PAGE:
About the Refuge

Bowdoin Aerial 512 x 219

Bowdoin National Wildlife Refuge is one of many national wildlife refuges established throughout the northern Great Plains during the 1930s for migratory birds.

Bowdoin National Wildlife Refuge (NWR) was established in 1936 as a migratory bird refuge.  It is located in the short and mixed grass prairie region of North-central Montana and encompasses 15,551 acres.  The refuge lies about 7 miles northeast of Malta in the Milk River Valley of Phillips County.  Managed by the US Fish and Wildlife Service, Bowdoin is one of over 540 refuges in the National Wildlife Refuge System - a system of lands set aside to conserve wildlife and habitat and as a place for people to enjoy today and for generations to come.

Bowdoin National Wildlife Refuge primary purpose is to preserve and enhance resting, feeding, and breeding habitat for migratory birds and other wildlife.  The refuge attracts migrating waterfowl and shorebirds by the thousands and provides breeding and nesting habitat for ducks, geese, grassland songbirds, and colonial nesting water birds.  The area is equally important to a variety of resident wildlife, including raptors, pronghorn antelope, sharp-tailed grouse, and coyotes.  Many species of state and federal concern can be seen at the refuge during different times of the year, including bald eagles, piping plovers and on occasion peregrine falcons.

North-central Montana is made up of many depressional wetlands created by glaciers over 12,000-15,000 years ago.  Geologic history indicates that Lake Bowdoin was once an oxbow of the pre-glacial Missouri River channel.  Today, the Missouri River lies nearly 70 miles south of Bowdoin NWR!  

Major habitat types on the refuge include saline and freshwater wetlands, native prairie, planted dense nesting cover and shrubs.  The refuge consists of more than 6,000 acres of freshwater and saline wetlands.  The remaining upland is typical mixed-grass prairie with a complex of western wheatgrass, needle and thread grass, silver sagebrush, and forbs.  The marsh areas are dominated by sedges, while excellent stands of emergent and aquatic vegetation are found in the shallow, open-water areas.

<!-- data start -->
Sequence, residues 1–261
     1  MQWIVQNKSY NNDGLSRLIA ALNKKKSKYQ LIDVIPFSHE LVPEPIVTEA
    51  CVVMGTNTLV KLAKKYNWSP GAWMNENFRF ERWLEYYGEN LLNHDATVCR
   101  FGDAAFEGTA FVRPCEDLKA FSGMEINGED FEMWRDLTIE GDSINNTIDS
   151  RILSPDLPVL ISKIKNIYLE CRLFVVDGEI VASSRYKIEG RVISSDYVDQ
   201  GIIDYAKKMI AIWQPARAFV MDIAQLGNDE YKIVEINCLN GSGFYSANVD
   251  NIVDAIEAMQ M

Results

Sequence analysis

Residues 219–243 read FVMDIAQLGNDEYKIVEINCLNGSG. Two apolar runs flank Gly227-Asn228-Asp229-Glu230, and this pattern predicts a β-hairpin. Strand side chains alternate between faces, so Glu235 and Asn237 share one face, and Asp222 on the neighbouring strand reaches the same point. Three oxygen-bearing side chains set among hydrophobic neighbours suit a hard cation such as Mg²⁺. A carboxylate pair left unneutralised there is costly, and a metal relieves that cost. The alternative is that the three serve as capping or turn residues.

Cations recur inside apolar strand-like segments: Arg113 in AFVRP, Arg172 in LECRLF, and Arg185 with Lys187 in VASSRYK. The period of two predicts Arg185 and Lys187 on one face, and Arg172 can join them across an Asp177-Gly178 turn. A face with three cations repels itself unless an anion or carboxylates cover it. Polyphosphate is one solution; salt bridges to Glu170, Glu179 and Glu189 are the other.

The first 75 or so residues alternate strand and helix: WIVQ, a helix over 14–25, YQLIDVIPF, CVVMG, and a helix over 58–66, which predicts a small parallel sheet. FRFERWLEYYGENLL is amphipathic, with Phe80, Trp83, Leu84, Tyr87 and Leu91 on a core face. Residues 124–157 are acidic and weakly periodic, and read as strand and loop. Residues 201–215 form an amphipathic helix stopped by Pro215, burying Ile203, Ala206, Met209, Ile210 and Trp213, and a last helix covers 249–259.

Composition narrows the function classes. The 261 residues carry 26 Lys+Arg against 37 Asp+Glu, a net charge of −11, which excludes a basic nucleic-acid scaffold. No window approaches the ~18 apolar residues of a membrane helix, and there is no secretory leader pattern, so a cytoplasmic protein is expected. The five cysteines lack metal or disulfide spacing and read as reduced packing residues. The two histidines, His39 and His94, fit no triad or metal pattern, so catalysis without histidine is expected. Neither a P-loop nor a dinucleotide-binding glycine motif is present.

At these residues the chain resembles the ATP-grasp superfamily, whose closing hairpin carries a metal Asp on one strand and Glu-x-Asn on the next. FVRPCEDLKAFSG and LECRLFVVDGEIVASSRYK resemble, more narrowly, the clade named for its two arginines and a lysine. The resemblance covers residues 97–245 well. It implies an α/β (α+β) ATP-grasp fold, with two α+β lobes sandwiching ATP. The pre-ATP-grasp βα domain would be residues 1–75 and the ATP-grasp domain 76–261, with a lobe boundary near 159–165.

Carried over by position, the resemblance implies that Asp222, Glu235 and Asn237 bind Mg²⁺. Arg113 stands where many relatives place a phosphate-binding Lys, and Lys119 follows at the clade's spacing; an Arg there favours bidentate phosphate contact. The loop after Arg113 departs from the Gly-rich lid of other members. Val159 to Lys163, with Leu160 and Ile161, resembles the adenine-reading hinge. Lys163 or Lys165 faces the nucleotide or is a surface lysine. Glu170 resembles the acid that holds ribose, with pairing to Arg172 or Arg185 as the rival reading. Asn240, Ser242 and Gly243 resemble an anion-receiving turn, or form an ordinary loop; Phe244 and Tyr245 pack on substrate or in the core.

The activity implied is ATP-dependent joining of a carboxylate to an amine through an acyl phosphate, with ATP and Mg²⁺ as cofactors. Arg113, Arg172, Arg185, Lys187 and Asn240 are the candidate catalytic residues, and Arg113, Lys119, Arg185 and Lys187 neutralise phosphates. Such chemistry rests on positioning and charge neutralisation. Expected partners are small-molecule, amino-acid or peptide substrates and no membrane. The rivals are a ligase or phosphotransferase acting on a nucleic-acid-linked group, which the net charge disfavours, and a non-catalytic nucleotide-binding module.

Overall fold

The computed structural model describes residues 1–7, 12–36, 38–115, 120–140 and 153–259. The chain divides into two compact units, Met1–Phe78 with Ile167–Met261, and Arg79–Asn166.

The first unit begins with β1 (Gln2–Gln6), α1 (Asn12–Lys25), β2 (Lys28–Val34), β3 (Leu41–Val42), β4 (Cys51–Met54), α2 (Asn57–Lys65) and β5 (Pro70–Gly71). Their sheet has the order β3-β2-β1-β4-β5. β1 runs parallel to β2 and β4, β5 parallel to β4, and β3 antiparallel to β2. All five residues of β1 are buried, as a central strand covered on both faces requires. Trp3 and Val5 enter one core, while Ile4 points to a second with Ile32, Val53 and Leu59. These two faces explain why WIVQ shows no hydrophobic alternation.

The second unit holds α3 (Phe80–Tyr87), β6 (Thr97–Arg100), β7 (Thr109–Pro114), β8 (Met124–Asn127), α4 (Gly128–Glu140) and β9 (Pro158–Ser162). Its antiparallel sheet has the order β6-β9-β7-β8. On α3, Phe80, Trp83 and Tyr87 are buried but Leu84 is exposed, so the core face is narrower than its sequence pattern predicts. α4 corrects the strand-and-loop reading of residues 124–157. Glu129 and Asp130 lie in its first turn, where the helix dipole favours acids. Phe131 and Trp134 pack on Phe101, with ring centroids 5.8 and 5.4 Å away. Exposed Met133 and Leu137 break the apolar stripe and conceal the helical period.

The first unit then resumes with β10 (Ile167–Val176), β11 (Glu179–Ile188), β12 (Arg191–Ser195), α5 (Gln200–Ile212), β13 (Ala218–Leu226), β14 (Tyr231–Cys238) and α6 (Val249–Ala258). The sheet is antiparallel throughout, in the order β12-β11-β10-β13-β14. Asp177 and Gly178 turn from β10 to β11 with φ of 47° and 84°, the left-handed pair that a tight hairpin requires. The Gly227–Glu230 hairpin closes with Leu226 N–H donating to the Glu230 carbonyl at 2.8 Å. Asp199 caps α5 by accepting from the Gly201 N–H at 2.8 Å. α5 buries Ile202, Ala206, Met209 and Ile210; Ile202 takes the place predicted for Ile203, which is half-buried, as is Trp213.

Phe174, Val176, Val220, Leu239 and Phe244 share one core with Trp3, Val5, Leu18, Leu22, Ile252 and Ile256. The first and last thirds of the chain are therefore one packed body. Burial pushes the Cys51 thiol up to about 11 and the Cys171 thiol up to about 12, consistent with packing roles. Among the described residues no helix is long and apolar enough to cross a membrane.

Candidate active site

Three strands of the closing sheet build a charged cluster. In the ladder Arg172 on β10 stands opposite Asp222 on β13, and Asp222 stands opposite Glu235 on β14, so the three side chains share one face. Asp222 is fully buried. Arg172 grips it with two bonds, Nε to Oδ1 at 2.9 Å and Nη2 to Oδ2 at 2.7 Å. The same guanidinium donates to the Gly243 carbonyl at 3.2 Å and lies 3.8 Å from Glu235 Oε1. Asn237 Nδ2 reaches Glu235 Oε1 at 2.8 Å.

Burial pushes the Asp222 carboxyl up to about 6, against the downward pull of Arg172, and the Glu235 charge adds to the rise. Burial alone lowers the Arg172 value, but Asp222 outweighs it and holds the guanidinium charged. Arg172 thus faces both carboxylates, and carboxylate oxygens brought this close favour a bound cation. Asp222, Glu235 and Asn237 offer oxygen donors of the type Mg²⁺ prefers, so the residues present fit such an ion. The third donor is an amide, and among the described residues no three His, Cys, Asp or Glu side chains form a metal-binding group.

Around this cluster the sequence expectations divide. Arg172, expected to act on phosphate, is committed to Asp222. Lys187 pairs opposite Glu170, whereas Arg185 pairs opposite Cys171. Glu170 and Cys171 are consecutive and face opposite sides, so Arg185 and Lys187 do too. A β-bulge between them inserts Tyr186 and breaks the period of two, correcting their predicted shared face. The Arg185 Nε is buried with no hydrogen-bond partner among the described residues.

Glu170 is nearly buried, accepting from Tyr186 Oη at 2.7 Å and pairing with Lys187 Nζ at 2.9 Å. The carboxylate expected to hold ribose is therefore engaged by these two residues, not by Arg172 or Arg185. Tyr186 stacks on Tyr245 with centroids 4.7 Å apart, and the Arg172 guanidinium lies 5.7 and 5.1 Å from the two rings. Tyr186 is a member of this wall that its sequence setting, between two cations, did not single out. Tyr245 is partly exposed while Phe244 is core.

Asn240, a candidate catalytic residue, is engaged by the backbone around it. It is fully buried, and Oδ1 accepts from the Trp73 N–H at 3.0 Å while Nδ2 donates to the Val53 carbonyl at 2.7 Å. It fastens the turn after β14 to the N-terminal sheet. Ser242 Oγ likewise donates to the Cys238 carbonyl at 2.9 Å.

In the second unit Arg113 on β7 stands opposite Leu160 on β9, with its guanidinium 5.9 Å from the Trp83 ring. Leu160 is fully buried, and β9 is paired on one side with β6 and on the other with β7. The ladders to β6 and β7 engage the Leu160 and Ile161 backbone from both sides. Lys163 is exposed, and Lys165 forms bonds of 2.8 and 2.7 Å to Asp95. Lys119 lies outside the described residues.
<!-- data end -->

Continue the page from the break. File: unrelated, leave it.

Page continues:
Before becoming a national wildlife refuge, the lands within Bowdoin were managed by the Bureau of Reclamation (Reclamation).  When President Franklin D. Roosevelt established Bowdoin Migratory Waterfowl Refuge in 1936, the Bureau of Biological Survey (a precursor to the U.S. Fish and Wildlife Service) and Reclamation shared jurisdiction.  Lake Bowdoin was managed by Reclamation as a large sump or catch basin for precipitation, runoff events, early spring floods, irrigation return flows, and seepage water from surrounding lands.  

After winters of sufficiently heavy snowfall followed by spring runoff, flood waters from Beaver Creek and the Black Coulee drainage would pour into the lake basin, resulting in high water elevations.  These spring floods most always coincided with the spring waterfowl migration period.  The flooding created conditions exceptionally well suited to waterfowl, both for feeding and selection of nesting sites.  The refuge is located in the Central Flyway, an extensively used flight path for large numbers of waterfowl, marsh and shore birds, and where many of which remain to nest in the area.  Old time residents around Bowdoin as well as early day naturalists and biologists tell of spring and summer migratory bird concentrations that were no doubt the largest in the state. 

1938 Refuge Picture 512 x 219

Upon its establishment as a refuge, work was quickly done to develop the refuge into manageable wetland units.  The establishment and early history of the refuge is tied to the Emergency Relief Act and the Works Progress Administration program.  Created by President Franklin D. Roosevelt during the Great Depression and the Dust Bowl era of the mid-1930s, these programs were developed to employ the maximum number of people to work on public lands.  Most of the early development work completed through the Works Progress Administration program consisted of the construction of dikes, large rubble masonry water control structures, shelterbelts, landscaping, fencing, and building patrol and access roads.  In addition, a residence for the manager, headquarters/office, shop, vehicle storage buildings, and an observation tower were also constructed.

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The climate of the Bowdoin NWR Complex is "semiarid continental," which is characterized by cold, dry winters and warm, dry summers.  Average annual precipitation between 1905 and 2012 was 12.5 inches, most of which fell as rain from May to September, with June being the wettest month.